Often what I would do in the midst of an anxiety attack is gather whatever I could absorb about the task she wanted me to perform, which was a task in and of itself, because while trying to focus on her words my mind had repetitive thoughts screaming, “CONTAMINATION! CONTAMINATION! WASH IMMEDIATELY! DO YOU NOT UNDERSTAND???? DO YOU WANT TO DIE???? RUN TO THE SINK AND WASH IMMEDIATELY!!!! NOW!!!!“ The repetitive thoughts are very forceful. In fact they’re complete assholes. It was again another abusive relationship. The rational part of my brain was stating to me to stand strong defer to logic and science. That I couldn’t get HIV simply by holding a receipt my boss had given me from the place she had lunch that was in a gay area of town. However, the irrational, OCD part of my brain was screaming bloody murder. My biological responses such as adrenaline levels and heart rate also responded to the OCD thoughts over the rational ones. It often was the case that my highly elevated biological responses to fear and the screaming OCD thoughts were so hard to contain within a seemingly normal façade, that I barely avoided an urgently compelling impulse to smash my head against a wall.
Instead, eventually I acquiesced to the irrational bullying and thoroughly washed my hands in the men’s restroom with the piece of antibacterial soap I always carried in my pant pocket. This wasted time of course, and made me fall very behind at work, but as it was too excruciating mentally to delay a ritual like hand washing too long, I would usually delay doing my work instead. Touching work that was “contaminated” would have to wait until everyone had left the office and I could touch the “contaminated” paperwork, or object requiring my attention with tissues, or paper, or whatever barrier I could find as long as my bare hands, or anything that wasn’t disposable didn’t have to touch it. However, for the time being, I would need to wash my hands thoroughly.
Through this ritual, I got some immediate relief from the bullying in my head, but later felt horrible that I gave in because by doing so I had just validated the bully’s irrational warnings, which made the bully stronger, and so the vicious cycle continued. The self-abuse continued. In a way this is worse than being in an abusive relationship because there wasn’t a second-party abuser. Since the irrational part of my brain was still my brain, I was abusing myself and I hated myself for it. If this is starting to sound crazy, it’s because it was.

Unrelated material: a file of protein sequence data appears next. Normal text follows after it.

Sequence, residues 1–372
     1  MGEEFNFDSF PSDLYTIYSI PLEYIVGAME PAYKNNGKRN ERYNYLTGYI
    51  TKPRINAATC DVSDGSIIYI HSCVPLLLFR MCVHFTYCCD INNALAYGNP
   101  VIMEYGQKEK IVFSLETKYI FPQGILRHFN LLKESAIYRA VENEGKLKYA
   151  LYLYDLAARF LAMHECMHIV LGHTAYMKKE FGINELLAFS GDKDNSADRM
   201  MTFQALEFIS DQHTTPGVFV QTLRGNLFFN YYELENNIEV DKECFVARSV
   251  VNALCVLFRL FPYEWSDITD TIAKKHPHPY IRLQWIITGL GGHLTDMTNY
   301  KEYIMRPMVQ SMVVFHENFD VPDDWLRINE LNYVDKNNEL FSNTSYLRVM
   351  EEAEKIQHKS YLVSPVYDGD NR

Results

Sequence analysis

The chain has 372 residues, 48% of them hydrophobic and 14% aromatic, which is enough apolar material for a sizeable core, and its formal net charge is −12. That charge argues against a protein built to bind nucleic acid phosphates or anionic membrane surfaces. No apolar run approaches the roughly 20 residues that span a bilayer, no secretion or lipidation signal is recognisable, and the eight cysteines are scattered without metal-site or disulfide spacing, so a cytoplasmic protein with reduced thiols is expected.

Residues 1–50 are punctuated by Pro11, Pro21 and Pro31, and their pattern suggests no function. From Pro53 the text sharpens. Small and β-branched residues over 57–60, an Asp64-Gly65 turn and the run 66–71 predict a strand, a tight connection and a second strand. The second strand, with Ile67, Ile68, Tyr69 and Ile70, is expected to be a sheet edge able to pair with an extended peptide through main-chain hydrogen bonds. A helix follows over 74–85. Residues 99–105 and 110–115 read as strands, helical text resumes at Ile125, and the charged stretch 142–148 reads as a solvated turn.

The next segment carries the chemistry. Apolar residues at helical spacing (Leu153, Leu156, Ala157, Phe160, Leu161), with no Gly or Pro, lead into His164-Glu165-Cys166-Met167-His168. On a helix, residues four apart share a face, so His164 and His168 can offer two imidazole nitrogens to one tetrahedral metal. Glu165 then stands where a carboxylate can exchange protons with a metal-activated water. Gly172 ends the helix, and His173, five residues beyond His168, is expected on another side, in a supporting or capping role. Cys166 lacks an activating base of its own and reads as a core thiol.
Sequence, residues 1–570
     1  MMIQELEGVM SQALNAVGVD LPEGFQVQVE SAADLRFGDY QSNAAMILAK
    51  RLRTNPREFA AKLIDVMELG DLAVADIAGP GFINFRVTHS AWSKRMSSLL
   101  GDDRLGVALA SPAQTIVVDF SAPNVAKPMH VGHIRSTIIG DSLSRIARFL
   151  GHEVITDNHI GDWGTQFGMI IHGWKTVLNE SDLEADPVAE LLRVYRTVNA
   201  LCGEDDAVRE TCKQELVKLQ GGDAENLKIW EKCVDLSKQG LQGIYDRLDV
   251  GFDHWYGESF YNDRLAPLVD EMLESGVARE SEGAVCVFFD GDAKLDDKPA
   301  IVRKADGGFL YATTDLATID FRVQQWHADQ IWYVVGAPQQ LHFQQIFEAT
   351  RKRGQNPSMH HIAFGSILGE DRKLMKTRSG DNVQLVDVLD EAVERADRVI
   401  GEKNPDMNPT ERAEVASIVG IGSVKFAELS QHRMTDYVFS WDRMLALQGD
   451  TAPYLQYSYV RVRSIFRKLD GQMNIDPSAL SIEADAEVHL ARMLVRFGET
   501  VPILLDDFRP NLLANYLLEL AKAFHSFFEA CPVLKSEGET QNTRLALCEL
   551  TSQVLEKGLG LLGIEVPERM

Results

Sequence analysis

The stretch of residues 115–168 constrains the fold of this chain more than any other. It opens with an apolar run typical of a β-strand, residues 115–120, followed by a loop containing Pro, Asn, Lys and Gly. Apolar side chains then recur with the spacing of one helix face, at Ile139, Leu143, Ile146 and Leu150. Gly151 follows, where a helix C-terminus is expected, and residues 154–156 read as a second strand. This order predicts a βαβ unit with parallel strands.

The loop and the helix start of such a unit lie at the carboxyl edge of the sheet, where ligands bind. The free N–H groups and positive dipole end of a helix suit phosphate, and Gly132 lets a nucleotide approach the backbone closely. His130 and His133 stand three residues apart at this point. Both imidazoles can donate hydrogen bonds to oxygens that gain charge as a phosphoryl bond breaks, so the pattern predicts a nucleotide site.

It was crazy to live like this. However, unlike a certifiably crazy person, people with severe OCD know such thoughts and behaviors are wrong. If they didn’t, then it would be more akin to dementia or schizophrenic paranoia. In an odd way not being completely demented is worse because as a sane person, I knew that what I was doing was irrational and seemed crazy. I knew the intrusive OCD thoughts were hateful and contrary to what I knew and my values. So, there is a huge amount of guilt and self-loathing attached to this illness.
I mean, intellectually reasoning, we like to think we are in control of ourselves, at the very least of our thoughts. This is what separates us from other species, our high-functioning brains with the ability to reason. But what do you do when your brain activity takes over your thoughts and ability to reason? I mean who are we then in terms of identity. Is the brain in the driver’s seat and is our mind and all things associated with a “mind” such as personality, character, affinities, and soul merely deluding itself to thinking it is the primary entity that determines our actions? When the biology and biochemistry of the brain go awry, how can we rationalize our irrational thoughts?
How could I claim to be in control as an individual and high functioning person, when I couldn’t even control my own thoughts? How was I in control when I couldn’t rationalize why I had to wash myself over and over with soap to cleanse myself of the repetitive thoughts of being contaminated with HIV after walking through a gay neighborhood, when rationally I knew the possibility of being infected that way didn’t exist? I mean if the biology of my brain that had gone haywire and therefore compelled me, the one-time rational, intelligent, high-functioning person, to engage in odd behaviors and avoidance to stave off the possibility of death from means I knew logically to be impossible, what could I do? When I was asking, even begging my brain for some reprieve and to just give me an hour, no, even a moment off from the irrational, intrusive thoughts, who or what was in charge – me and the identity of me held within my “mind,” or my brain and all its biological functions?
Could it be that I was really just an amalgamation of neurological function: neurotransmitters, synapses, serotonin levels, dendrites, nasal ganglia, etc., meaning pure biology dictating my mental functions, actions, and therefore existence, or was I more than mere biological functions? My ability to think and reason would support the latter notion, but when reason and intellect start to lose to biology and a brain that short-circuits, yielding irrational and terrible thoughts that coerced me to engage in odd, illogical, and groundless behavior, had I lost control of myself to my brain? When my brain and all its malfunctioning chemistry took over, I knew as a person, that in the truest sense of the phrase, I had lost my mind.